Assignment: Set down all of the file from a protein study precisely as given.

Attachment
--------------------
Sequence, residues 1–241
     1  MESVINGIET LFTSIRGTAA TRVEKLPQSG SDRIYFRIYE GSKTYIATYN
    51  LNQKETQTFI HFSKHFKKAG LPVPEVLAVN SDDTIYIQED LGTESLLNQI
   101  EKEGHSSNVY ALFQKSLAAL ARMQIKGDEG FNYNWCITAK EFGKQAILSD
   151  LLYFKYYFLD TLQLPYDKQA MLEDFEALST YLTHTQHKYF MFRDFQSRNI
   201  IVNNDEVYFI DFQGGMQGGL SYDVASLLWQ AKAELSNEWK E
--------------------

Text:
Sequence, residues 1–241
     1  MESVINGIET LFTSIRGTAA TRVEKLPQSG SDRIYFRIYE GSKTYIATYN
    51  LNQKETQTFI HFSKHFKKAG LPVPEVLAVN SDDTIYIQED LGTESLLNQI
   101  EKEGHSSNVY ALFQKSLAAL ARMQIKGDEG FNYNWCITAK EFGKQAILSD
   151  LLYFKYYFLD TLQLPYDKQA MLEDFEALST YLTHTQHKYF MFRDFQSRNI
   201  IVNNDEVYFI DFQGGMQGGL SYDVASLLWQ AKAELSNEWK E